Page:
September 2011

“Once you eliminate the impossible, whatever remains, no matter how improbable, must be the truth.” Sherlock Holmes

Discerning fact from fiction has never been easy for investors. Discerning relevant from irrelevant facts is even harder.
If you scan the daily headlines you would likely be convinced of the following:

  • The US consumer is tapped out.
  • A recession is imminent---if it not already here.
  • The financial system is irreparably broken

And, while there are legitimate metrics to support the above conclusions, there is clearly something else going on that belies the headlines.

For example, if things are so bad, how is it that the last quarter 80% of companies reporting beat their profit estimates? One explanation would be that companies did more with less and became more efficient. And while we believe that to be true, that can’t be the whole story.

You see, not only were bottom line numbers better, but so were top line revenues. That means sales were up. Revenues were up. Somebody had money to buy what US firms were selling.

Skeptical readers could now reasonably say, “It was foreigners who were buying. They have all the money and that is why multi-national companies did well, but that doesn’t mean the US is on the mend.”

That response makes sense especially for companies like Coca-Cola, McDonald’s, IBM, & Apple---they all have strong international sales. But it doesn’t explain how US-centric companies like Home Depot and Nordstrom’s can consistently beat top line and bottom line growth estimates.

Something is amiss. US consumers can’t be dead if they are still buying sweaters and light fixtures. US producers can’t be dead if sales and revenues continue to rise above expectations.

Yet the stock market is still down for the year…and for the decade for that matter. And while stocks move for a myriad of reasons, the correlation between earnings and stock prices has historically been the best long-term stock price predictor.

So what else can explain the obvious disconnects?

One explanation is that we are still working of the excesses of the 1990’s tech boom… and because we over-rewarded stocks during the dot com boom, we are destined to over-punish stocks to right the ship.

That explanation made sense five or six years ago, but 11 years later? Not likely.

Another explanation could be analysts are mistaking inflation for growth. For instance, if Home Depot is selling light bulbs for 15% more than last year, it is possible for light bulb revenues to be up, while actual light bulb sales are down.

If you then apply this example across the entire store, jaundiced analyst could day business is down while revenues are up. There may some merit to this argument, but how much?

That leads us back to Sherlock Holmes’ insight regarding “whatever remains, no matter how improbable, must be the truth.”

Yet, “whatever remains” isn’t always clear—or, as Pontius Pilate so dismally quipped, “What is truth?”

On the positive side, we believe the truth is many private enterprise firms are navigating tumultuous economic seas extremely well. There are remarkable corporate leaders, managers, and workers who see the changing landscape clearly and are adapting at a pace never seen before. They will survive and prosper.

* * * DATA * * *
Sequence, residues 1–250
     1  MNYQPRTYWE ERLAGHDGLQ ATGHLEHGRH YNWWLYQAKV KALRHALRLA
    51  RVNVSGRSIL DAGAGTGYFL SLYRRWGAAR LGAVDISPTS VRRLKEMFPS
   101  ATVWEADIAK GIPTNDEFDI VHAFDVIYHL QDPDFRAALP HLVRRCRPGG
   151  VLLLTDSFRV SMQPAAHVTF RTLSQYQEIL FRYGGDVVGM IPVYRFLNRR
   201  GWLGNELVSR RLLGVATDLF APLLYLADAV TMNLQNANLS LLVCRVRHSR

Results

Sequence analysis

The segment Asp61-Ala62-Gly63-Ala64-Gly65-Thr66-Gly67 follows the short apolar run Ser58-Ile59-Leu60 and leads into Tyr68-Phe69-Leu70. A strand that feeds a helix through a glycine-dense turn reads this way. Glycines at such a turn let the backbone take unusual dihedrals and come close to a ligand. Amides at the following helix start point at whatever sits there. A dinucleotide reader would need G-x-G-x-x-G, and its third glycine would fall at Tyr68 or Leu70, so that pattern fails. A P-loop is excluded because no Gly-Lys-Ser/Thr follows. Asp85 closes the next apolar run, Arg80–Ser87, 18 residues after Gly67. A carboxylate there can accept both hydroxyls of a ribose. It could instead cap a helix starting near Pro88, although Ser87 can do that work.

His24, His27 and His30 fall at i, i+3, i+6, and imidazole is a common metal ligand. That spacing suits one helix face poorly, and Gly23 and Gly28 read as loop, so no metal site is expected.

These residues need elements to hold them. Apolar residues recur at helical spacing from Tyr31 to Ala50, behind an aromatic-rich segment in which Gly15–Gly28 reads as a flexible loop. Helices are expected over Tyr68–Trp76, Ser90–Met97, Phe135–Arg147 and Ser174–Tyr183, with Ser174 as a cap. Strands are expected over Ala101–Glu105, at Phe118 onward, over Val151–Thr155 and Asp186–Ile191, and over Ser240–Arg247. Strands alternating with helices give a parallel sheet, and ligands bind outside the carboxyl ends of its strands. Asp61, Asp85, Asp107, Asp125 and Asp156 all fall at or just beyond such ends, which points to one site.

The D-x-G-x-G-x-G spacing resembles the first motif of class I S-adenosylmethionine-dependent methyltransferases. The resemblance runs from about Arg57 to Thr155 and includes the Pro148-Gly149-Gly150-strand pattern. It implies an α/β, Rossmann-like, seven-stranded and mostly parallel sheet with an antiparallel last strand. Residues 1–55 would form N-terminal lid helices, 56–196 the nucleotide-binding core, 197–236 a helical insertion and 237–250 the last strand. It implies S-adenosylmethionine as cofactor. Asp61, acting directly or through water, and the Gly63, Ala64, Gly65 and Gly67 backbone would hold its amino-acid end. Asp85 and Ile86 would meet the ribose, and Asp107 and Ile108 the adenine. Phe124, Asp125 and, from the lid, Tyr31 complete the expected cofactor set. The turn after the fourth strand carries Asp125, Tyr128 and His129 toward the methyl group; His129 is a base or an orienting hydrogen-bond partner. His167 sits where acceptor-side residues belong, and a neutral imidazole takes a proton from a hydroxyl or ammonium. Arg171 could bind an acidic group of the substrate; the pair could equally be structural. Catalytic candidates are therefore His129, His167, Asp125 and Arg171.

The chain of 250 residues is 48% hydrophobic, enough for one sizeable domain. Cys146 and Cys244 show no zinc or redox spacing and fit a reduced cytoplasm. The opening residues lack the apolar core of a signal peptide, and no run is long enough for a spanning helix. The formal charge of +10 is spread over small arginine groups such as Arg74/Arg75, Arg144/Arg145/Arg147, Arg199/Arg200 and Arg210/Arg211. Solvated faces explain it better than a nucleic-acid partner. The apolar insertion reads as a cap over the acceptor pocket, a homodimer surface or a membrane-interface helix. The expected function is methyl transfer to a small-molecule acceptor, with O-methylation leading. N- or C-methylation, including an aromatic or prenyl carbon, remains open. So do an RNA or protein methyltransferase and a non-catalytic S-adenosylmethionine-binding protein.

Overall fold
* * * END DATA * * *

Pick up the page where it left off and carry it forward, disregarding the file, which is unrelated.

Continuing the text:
On the negative side, it seems clear that the “gauges” of the economy that we all rely on (jobless claims, CPI, Consumer Confidence numbers, etc.) may not be accurate indicators of reality/truth.

For example, because Social Security, pensions, and other benefit programs are indexed to inflation, it is in government’s best interest to have a low inflation number. Thus, over the years, we have seen the statistical methodology used to calculate the CPI tortured lower via arcane devices such as “exclusion of food and energy,” “substitution,” “hedonics” and “owner’s equivalent rent.”

And while explanation of each of the above is beyond the scope of this missive, the end result is an inflation number that bears little resemblance to what the average American experiences at the store.

All of this brings us back to our core thesis of concentrating on core bottom-up analysis of individual stocks, real estate projects, and bonds…attempting to ferret out truth one investment at a time.

For instance, if we know a firm has little or no debt, a low P/E ratio, and a 3-year growth rate of 20%/year, we may feel confident predicting a positive up-coming quarterly report. That does not, however, necessarily mean we can predict a positive stock price to match…unfortunately, stock prices do not move in lock-step to either positive or negative news.

If, however, we go back 3 years, and apply the same analysis, correlations begin to appear, and reasoned thinking is normally validated.

By the way, the same holds true for shrinking, unsuccessful companies. The stock price will eventually match the underlying performance seen on the balance sheets.

For a real estate project, net operating income will drive the price over time.

August was a tough month. The S & P was down 6% and all the gains for the year have been erased. At Talbot Financial we used it as a buying opportunity for those companies with the earmarks of success outlined above.

One last point. Just because a stock goes down does not make it a bargain. We have therefore not changed our view on banks and most financial stocks. We still do not understand the balance sheets well enough to put our clients’ money into these supposed “bargain basement” stocks. That time may come, but not now.


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